Photo Courtesy of Benjamin Kanter/Mayoral Photography Office
Mayor de Blasio delivered this year’s address at Kings Theatre in Brooklyn.
By Michael V. Cusenza
The setting was different, but the theme quite familiar.
It’s been the same since he was reelected to a second term back in November: The Big Apple as fairest big city in America.
And according to Mayor Bill de Blasio, he and his administration have exactly three years, 10 months, and 14 days to achieve that goal.
“We will take on that mission and we will do it with speed and we’ll do it with urgency,” Hizzoner said Tuesday evening on stage at the historic Kings Theatre in Flatbush, Brooklyn, during his fifth State of the City address. “We do this to ensure a better life for all 8.5 million of us. We do this to preserve the social fabric of the most diverse place on earth. We do this to insure that we’re always a place for everyone, that magical openness that has made New York City great is always protected. But we also do this to guard against the threats to our democracy that are growing across this nation. It’s our mission to define what a fair and just society looks like, to show it through our deeds and in our everyday lives. To take that quintessentially American egalitarian spirit and make it come alive again. We have to be the keepers of that flame. We have to ask ourselves, if not here, where? We, in fact, have to be the antidote to the sickness that is gripping our nation.”
De Blasio went on to detail a dozen proposals that will help thrust New York into the role of fairest big city, and, in his words, “protect and reinforce our battered democracy.” Those measures include investing in the City Housing Authority, fighting the opioid epidemic, and a robust employment plan.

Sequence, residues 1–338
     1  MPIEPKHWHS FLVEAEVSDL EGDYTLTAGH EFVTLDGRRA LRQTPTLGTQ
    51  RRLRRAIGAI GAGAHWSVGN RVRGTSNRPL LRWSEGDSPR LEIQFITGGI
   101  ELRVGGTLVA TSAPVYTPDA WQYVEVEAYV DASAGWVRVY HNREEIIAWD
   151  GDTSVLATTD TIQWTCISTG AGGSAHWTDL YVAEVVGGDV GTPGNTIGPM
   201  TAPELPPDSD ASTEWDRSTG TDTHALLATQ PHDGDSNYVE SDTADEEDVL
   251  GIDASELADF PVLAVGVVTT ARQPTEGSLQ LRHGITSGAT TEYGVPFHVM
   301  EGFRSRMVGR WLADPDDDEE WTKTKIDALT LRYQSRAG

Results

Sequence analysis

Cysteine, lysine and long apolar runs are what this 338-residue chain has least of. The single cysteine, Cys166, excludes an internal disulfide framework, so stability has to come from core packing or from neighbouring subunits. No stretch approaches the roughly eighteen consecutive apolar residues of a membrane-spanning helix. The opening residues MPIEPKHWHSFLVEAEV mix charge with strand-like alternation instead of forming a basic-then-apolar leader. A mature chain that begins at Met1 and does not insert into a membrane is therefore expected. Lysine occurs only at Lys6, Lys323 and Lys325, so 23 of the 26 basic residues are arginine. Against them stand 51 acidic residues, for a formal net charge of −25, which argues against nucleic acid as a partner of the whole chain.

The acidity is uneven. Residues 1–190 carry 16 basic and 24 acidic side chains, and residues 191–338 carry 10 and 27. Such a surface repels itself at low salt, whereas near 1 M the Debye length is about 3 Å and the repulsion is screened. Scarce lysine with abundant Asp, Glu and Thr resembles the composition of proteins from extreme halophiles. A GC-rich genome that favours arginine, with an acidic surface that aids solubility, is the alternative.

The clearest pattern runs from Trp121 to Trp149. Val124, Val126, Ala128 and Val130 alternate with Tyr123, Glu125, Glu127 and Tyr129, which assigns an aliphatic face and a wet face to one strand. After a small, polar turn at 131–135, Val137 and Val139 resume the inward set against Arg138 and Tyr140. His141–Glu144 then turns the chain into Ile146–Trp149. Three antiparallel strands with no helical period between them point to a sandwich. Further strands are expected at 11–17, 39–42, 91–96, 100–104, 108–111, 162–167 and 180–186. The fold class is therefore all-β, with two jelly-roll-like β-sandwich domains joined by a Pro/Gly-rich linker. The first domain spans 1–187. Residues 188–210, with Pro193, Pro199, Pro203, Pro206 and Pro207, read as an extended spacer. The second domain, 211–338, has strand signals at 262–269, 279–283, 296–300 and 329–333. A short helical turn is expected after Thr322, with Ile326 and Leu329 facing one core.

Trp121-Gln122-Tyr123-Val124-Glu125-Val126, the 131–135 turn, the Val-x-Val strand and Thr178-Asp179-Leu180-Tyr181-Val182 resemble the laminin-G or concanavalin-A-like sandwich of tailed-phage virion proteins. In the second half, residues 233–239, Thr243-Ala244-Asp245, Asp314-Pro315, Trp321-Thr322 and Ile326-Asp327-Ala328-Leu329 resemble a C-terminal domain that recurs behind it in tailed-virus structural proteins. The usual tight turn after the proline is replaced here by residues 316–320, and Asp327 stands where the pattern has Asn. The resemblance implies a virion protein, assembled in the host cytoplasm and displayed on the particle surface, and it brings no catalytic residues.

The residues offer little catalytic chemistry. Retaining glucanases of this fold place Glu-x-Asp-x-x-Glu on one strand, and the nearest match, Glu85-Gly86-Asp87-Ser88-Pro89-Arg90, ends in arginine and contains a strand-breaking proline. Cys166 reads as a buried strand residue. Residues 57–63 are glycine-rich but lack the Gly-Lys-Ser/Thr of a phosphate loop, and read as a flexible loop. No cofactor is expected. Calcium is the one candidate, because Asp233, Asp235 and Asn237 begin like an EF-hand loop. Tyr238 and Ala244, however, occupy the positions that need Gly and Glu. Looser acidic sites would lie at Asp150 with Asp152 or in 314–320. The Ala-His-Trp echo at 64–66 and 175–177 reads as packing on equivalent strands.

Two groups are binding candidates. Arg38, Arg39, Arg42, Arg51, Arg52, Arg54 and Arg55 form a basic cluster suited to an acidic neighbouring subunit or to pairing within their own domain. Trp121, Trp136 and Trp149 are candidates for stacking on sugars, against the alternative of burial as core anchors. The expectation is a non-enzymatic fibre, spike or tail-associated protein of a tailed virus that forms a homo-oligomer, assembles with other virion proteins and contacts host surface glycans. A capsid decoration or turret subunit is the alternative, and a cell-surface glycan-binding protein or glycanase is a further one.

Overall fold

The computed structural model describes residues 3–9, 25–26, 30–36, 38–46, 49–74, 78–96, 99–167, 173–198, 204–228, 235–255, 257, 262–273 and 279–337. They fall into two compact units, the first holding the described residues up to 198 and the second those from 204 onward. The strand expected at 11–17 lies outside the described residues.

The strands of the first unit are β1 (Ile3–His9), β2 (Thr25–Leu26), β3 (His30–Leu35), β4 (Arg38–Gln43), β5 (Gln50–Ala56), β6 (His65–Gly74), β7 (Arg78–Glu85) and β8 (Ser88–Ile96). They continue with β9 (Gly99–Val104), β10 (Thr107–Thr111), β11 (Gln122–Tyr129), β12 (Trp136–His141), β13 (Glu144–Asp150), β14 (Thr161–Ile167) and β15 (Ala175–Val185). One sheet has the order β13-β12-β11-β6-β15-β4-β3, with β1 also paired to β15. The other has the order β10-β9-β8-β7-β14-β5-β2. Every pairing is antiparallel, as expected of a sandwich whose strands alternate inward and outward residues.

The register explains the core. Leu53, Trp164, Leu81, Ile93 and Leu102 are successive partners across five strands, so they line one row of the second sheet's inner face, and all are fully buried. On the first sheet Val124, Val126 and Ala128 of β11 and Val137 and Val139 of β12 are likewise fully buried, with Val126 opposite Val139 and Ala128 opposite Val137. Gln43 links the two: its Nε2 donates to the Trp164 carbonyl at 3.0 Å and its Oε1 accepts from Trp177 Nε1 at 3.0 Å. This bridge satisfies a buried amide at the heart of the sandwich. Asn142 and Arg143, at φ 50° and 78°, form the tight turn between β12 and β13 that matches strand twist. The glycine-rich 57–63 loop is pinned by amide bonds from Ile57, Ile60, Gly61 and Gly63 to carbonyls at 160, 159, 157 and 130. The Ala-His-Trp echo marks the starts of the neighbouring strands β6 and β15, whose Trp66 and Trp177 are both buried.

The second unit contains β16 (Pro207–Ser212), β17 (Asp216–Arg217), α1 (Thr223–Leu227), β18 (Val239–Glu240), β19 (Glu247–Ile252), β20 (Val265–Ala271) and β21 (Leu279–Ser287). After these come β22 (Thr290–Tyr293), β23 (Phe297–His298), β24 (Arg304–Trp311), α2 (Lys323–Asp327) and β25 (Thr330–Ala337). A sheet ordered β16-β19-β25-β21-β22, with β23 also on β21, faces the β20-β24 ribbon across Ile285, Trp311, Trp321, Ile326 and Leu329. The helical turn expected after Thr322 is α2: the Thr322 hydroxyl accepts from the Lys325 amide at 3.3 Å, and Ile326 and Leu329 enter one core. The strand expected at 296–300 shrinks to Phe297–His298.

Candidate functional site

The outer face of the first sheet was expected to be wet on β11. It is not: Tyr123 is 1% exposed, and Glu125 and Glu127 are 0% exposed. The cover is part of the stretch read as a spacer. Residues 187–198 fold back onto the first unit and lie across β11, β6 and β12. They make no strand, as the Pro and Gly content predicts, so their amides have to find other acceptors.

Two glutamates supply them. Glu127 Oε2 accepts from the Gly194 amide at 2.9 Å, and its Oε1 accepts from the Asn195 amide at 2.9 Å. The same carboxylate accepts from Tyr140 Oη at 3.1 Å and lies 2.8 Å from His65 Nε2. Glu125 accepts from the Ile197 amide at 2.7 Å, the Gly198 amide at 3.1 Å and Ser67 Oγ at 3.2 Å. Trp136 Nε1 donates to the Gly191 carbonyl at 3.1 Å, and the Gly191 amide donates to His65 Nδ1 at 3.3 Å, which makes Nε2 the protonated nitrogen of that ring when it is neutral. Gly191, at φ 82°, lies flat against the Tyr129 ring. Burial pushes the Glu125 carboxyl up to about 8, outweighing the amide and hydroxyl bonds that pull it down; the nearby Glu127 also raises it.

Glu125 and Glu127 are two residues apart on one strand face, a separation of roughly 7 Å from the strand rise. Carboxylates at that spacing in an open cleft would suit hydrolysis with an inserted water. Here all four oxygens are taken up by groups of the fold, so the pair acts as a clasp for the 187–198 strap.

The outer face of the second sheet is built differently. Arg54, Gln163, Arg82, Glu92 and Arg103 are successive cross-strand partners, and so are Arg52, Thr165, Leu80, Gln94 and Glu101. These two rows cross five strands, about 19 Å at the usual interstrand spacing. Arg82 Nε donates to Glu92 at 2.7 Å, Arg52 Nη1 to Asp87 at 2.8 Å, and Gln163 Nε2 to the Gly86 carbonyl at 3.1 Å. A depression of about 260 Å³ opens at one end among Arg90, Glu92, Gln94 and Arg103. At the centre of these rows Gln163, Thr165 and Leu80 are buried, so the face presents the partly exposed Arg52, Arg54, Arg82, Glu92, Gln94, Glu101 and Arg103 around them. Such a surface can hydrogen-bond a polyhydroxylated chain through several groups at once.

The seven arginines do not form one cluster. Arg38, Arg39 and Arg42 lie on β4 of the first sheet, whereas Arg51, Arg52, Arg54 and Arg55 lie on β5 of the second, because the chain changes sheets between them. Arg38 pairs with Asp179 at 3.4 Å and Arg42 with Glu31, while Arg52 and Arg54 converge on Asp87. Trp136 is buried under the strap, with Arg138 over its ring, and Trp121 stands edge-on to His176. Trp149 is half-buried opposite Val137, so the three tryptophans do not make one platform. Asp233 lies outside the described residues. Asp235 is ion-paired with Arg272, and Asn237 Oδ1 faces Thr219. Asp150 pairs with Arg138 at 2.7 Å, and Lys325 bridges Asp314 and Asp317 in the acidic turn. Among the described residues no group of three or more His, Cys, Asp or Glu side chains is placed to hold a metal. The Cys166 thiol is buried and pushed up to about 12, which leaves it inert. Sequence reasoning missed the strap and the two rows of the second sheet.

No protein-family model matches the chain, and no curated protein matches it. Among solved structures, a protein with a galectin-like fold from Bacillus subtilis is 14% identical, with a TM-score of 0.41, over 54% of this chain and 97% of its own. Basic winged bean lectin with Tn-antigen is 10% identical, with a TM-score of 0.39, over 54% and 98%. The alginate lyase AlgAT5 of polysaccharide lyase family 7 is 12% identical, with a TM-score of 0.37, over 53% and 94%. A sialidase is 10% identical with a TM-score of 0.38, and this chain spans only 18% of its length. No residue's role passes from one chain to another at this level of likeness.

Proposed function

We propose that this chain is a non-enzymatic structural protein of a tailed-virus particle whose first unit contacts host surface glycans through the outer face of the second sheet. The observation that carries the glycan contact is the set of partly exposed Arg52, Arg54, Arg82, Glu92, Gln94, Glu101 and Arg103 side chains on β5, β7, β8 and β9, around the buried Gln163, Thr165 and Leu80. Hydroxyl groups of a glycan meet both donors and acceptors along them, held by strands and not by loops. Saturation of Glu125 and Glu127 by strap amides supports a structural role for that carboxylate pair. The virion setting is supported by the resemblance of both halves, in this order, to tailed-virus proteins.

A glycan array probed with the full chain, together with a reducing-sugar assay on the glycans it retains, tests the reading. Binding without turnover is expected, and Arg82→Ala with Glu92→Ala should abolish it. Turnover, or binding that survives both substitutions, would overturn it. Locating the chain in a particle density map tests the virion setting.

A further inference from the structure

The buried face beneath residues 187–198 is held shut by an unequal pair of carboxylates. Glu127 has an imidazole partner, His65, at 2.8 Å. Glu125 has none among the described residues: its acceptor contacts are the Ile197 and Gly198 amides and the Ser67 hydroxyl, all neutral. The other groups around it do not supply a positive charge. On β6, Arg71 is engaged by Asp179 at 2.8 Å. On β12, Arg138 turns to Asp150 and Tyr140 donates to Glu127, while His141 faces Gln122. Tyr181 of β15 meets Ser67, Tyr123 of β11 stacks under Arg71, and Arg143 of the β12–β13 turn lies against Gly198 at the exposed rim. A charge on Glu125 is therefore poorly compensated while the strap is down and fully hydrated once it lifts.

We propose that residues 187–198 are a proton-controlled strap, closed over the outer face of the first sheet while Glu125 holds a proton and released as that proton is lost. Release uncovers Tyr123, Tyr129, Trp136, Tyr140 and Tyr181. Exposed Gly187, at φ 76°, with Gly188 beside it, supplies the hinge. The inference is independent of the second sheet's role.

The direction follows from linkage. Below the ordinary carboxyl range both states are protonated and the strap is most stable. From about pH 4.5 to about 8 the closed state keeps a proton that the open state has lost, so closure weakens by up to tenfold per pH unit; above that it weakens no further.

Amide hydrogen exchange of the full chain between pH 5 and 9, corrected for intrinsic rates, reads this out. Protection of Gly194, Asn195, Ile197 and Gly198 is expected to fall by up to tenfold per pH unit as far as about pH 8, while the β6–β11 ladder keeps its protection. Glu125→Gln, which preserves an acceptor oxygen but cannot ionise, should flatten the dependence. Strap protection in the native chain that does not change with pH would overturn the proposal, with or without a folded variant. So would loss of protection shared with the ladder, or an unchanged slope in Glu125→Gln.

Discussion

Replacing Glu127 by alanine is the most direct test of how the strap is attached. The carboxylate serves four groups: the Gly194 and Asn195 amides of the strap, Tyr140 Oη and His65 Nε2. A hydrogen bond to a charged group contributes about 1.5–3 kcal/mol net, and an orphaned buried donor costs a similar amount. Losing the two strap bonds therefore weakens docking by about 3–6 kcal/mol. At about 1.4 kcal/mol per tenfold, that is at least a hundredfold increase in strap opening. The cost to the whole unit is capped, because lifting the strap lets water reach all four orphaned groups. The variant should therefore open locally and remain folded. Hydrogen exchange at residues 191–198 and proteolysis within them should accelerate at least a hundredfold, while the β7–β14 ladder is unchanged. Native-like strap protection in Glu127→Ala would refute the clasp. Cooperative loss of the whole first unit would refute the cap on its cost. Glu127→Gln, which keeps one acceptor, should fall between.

“There’s another good way to make sure New Yorkers can afford the city they love, give them better paying jobs,” the mayor posited. “A truly just society constantly tries to share the wealth, to do what a slogan from the progressive era of a hundred years ago called for, a very simple slogan, it says, ‘Pass prosperity around.’ Well, as this city become more prosperous, we have more jobs than at any other time in our history right that the moment in the city, but we need to get better-paying jobs in the hands of New Yorkers.”
De Blasio on Tuesday also took plenty of veiled and not-so-veiled shots at a certain Queens native now living and working in the White House.
“In Washington we will fight for real infrastructure planning with ample federal dollars so we can fix what’s broken and build the economy of the future. But, again, we’re nobody’s fools, and I assure you we will not fall for privatization schemes that enrich the few and achieve little,” he said. “One thing we should look forward to doing…we will fight to rescind the Trump giveaways to the wealthy and the big corporations.”
De Blasio wrapped up his remarks by unveiling a 10-point plan called Democracy NYC aimed at revolutionizing voting, campaigns, and elections in the Big Apple.
“We are poised at the beginning of a new age, something we’ve never seen before. We have a new and bolder chapter to write,” the mayor said, “and its author will be you.”